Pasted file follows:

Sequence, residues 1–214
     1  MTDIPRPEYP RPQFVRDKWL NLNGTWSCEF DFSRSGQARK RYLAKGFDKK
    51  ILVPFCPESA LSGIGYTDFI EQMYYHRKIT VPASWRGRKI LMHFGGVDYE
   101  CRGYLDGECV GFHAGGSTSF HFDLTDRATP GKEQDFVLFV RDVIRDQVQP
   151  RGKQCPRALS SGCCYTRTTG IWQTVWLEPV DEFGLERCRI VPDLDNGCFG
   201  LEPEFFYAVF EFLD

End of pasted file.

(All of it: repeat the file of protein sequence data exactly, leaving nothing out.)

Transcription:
Sequence, residues 1–214
     1  MTDIPRPEYP RPQFVRDKWL NLNGTWSCEF DFSRSGQARK RYLAKGFDKK
    51  ILVPFCPESA LSGIGYTDFI EQMYYHRKIT VPASWRGRKI LMHFGGVDYE
   101  CRGYLDGECV GFHAGGSTSF HFDLTDRATP GKEQDFVLFV RDVIRDQVQP
   151  RGKQCPRALS SGCCYTRTTG IWQTVWLEPV DEFGLERCRI VPDLDNGCFG
   201  LEPEFFYAVF EFLD